Cow pasture that defied Depression

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The Independent Online
MULE-SKINNERS insisted on being paid in advance so they would have enough money to buy feed for their animals. The rate was 25 cents an hour; the job, to build a golf course on the cow pasture owned by the Tulsa oil baron, Waite Phillips, writes Tim Glover from Tulsa. It was 1933 and, in what was once Indian territory, the market crashed from Sitting Bulls to Running Bears. They were in the middle of the Great Depression.

One in five men in America was out of work and some wise folk in Tulsa wanted to build a golf club as an 'economic necessity to preserve our health and sanity'. What was needed from Phillips was 300 acres and a few hundred thousand dollars. Phillips said he would play ball if the proposers raised dollars 150,000 and he gave them 18 days to do so. They fell 10 grand short but Phillips donated the land anyway.

The architect was Perry Duke Maxwell, a banker who became a self-taught course architect. He collaborated with the Scotsman, Alister Mackenzie, at Augusta National and it was Maxwell who was responsible for the greens. His fee for Southern Hills was dollars 7,500 and, working to the principle that 'first you need a suitable piece of land, then you do as little to it as possible', he created one of the finest courses in the US.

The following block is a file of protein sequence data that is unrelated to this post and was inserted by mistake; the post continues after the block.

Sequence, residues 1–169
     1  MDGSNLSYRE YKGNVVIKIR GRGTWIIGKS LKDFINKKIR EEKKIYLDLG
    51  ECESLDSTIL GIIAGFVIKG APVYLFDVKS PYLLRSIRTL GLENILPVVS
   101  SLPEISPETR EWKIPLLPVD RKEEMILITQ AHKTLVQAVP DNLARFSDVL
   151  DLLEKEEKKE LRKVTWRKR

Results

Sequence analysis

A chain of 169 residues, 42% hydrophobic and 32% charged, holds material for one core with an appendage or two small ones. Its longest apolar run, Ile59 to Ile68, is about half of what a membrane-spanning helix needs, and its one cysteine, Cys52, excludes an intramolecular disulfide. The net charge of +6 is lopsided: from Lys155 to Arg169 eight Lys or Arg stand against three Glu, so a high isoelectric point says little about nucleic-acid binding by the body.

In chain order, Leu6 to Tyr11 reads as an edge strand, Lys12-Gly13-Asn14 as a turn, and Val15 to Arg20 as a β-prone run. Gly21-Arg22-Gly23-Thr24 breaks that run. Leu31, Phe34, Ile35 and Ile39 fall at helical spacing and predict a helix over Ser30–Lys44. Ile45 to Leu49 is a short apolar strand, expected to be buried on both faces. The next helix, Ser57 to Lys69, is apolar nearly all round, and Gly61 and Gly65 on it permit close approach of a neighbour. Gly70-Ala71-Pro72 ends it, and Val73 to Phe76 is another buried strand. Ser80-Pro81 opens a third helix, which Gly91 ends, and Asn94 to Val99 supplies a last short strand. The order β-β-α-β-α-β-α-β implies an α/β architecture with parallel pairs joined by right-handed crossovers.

One of the finest holes is the 12th, a par four measuring 448 yards. Ben Hogan was fortunate enough to be stationed in Tulsa during the Second World War and, war or no war, Hogan discovered the joys of playing Southern Hills. He ranked the 12th among his favourite holes. It is a tight dogleg left with water in front of the green.

Bruce Lietzke recalls the hole during the second round of the US Open here in 1977. 'I was paired with Sam Snead and Arnold Palmer. Palmer hit his second shot 25ft over the back of the green into the trees and I hit mine 10ft over. Snead faded a five wood 15ft from the pin. Well, Arnold pitched in and I bounced mine in from the rough. Snead couldn't believe what he was seeing. Then he stepped up and side-saddled that putt in. The gallery went crazy.'